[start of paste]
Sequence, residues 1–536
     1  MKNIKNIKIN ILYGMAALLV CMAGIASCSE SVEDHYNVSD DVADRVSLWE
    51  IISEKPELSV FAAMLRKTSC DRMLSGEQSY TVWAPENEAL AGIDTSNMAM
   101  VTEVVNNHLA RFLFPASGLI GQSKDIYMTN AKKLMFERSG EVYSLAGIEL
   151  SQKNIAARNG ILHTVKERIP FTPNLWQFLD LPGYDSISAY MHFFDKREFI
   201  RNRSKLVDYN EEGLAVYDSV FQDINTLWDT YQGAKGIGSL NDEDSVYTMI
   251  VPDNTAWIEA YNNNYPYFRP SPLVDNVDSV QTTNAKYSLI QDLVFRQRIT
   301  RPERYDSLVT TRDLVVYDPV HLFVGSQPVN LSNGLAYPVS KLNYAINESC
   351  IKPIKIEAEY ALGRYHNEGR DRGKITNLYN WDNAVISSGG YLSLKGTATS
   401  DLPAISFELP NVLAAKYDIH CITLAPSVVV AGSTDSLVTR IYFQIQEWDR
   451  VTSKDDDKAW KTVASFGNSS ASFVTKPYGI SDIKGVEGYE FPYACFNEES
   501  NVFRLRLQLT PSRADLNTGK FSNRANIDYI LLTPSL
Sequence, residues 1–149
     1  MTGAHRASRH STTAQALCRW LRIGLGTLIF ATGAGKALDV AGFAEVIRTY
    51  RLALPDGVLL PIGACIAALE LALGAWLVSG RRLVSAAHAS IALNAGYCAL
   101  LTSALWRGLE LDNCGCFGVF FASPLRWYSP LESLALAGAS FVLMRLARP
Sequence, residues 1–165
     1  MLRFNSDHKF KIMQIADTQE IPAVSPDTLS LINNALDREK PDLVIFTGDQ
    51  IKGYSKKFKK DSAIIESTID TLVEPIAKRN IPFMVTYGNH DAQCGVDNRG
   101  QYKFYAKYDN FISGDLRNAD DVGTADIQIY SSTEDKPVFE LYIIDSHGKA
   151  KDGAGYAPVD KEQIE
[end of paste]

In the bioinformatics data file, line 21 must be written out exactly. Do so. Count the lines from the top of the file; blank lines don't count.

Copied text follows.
   151  KDGAGYAPVD KEQIE